Dead Rhetoric: You’ve always had a great, supportive family who have encouraged you to push your musical pursuits – often asking your mother for feedback on material you are working on personally. Discuss that family motivation and its importance on your craft – how has it helped you long-term, have there been times where their inner voices and strength help you through some challenging or tougher times?

Molin: The most important thing in terms of support from my family is that they’ve never questioned that I wanted to follow my heart and go into music. Never any of this ‘hey maybe you need to get a real job’. It’s just been natural, because they are the same kind of people as I am. They understand the importance of doing something that you are really passionate about. Just to have this, and always knowing that nobody is thinking badly of you because of the direction or aspirations of your career – this is the kind of support that gives you a good foundation. Or good comfort in going forward. And I will always be happy about that.

Dead Rhetoric: Obviously any touring activities are in a holding pattern for the foreseeable future until the health concerns with the coronavirus get under more manageable control. How do you foresee handling this downtime personally and professionally – and do you believe we’ll see possibly greater creative benefits long-term because of this?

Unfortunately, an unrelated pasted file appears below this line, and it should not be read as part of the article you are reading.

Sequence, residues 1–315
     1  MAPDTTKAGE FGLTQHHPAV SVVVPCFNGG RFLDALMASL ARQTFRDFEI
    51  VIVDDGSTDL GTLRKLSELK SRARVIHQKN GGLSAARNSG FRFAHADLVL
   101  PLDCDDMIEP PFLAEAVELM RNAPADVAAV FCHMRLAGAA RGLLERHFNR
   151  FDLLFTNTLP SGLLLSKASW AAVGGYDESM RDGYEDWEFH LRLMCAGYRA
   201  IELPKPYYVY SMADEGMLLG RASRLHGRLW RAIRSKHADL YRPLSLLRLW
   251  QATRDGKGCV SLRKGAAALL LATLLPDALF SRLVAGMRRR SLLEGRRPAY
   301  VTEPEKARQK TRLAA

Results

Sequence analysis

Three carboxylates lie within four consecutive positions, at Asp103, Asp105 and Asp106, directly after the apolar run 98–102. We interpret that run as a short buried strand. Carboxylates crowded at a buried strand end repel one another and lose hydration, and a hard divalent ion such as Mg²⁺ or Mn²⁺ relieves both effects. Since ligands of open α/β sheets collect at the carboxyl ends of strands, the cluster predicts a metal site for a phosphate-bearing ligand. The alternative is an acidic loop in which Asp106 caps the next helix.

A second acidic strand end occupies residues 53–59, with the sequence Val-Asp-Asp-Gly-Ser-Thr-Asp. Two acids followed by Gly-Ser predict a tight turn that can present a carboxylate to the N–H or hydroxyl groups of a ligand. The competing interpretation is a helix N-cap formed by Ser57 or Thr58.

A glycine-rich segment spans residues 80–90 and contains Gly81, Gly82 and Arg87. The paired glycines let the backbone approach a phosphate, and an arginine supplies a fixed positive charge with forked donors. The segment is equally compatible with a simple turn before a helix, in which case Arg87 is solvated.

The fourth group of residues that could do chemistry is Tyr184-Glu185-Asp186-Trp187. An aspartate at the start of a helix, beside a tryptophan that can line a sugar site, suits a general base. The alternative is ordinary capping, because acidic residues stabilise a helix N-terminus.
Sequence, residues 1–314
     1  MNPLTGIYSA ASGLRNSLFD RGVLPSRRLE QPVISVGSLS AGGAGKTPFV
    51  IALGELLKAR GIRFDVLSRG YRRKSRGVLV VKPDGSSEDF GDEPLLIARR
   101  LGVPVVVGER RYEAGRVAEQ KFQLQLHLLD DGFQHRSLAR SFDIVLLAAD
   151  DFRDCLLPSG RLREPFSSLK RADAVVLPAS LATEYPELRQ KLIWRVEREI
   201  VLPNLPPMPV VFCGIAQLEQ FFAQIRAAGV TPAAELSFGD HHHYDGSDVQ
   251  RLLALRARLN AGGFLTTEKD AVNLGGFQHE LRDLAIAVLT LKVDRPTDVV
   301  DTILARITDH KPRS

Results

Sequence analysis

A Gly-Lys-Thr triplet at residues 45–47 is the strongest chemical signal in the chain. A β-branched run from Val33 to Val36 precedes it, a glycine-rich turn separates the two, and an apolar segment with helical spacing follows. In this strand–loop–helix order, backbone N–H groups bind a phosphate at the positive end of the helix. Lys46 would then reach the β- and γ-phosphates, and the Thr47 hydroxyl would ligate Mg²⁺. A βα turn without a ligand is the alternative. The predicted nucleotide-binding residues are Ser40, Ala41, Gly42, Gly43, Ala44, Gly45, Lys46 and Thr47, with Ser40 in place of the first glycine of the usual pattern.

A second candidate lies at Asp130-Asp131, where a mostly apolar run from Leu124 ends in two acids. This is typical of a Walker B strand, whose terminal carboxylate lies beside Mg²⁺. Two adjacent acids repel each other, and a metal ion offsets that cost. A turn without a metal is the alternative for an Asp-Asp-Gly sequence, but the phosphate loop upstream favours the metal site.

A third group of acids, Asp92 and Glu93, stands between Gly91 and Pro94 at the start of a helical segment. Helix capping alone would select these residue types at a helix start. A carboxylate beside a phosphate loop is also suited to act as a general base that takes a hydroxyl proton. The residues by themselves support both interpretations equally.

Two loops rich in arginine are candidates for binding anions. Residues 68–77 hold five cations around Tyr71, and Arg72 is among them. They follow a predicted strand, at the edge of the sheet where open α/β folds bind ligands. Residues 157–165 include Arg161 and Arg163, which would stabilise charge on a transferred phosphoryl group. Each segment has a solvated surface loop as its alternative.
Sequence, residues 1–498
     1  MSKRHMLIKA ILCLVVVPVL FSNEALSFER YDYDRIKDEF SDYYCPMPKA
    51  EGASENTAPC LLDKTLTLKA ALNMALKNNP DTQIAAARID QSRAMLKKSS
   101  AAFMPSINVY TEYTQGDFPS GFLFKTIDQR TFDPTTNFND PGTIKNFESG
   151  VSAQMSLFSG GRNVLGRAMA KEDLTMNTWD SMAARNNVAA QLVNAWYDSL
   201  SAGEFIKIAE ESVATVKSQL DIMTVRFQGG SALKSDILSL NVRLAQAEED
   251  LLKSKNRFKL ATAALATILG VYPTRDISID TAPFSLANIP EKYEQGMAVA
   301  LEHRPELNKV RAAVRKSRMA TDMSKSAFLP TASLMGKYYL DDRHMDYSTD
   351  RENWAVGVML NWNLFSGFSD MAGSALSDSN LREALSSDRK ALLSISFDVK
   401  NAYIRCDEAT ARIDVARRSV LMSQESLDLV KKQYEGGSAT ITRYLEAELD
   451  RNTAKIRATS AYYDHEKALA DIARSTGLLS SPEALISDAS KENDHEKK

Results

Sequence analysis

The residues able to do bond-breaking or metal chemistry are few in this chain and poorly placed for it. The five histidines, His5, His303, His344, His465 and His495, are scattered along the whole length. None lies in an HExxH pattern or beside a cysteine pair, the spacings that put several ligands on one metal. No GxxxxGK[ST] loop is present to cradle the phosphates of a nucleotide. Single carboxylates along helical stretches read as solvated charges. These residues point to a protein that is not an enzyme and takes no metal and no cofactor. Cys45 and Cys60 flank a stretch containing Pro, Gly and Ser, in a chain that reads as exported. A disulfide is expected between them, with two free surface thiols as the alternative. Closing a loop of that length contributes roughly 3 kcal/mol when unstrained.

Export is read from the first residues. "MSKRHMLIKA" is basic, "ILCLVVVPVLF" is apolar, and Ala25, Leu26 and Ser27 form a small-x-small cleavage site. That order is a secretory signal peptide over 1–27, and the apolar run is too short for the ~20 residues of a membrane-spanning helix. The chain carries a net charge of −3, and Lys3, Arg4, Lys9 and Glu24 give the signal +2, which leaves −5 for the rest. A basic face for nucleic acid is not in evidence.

Molin: At this stage, nobody really knows how long this will go on and what it will lead to. There is no crisis that doesn’t bring out eventual positivity, and I’m sure there will be lots of lessons learned from this, lots of inventions, and lots of positivity long-term that comes out of this. Everything is shitty, the economies are going to suffer like hell, and as a result people are going to suffer. Hopefully there can be a resurgence of creative powers. Right now, we are just releasing this album, so I sometimes believe you need to take a few steps back and halt your creative work at least a couple of months before you start picking it up again. Otherwise we would be back to writing material now. It might be good to let the creative brain cells rest a little before we start writing again. Maybe a lot of other bands will take the opportunity to focus on more writing because they cannot go out on tour.

Dead Rhetoric: What does the next year look like for activities for Dynazty and Amaranthe?

Molin: Everything is a little bit up in the air at the moment. There is a touring schedule for the rest of the year, but nobody knows what will happen. There is a festival season starting up in June, and who knows what will happen with all the European festivals for example. We had a long-term plan for Dynazty, we were supposed to tour in April and May and we’ve had to postpone it. There are more plans for October and early November with Dynazty and in early 2021. But at this stage, I can’t really count on anything, since we don’t really know how long this thing will go on, and how it will affect international touring.

Dynazty official website